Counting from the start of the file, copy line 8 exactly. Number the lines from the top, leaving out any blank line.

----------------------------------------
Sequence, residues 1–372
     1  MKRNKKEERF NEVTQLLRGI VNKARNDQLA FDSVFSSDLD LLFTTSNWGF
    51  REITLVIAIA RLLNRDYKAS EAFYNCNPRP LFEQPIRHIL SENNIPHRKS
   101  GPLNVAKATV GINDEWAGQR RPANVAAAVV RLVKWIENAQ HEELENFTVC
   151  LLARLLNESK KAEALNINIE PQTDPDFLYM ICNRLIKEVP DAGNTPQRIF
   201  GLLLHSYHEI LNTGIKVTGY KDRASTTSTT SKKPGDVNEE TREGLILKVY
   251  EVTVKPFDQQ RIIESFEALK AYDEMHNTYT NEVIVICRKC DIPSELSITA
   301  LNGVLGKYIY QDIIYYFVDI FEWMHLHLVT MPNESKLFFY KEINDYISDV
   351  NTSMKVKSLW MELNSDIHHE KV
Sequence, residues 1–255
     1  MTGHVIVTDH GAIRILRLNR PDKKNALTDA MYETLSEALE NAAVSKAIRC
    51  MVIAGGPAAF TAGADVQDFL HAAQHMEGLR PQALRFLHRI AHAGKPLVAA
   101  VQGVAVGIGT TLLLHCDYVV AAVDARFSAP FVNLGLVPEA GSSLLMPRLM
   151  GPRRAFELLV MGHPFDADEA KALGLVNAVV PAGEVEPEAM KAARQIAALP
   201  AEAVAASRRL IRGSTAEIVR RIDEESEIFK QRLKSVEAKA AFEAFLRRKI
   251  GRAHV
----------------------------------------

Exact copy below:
   301  LNGVLGKYIY QDIIYYFVDI FEWMHLHLVT MPNESKLFFY KEINDYISDV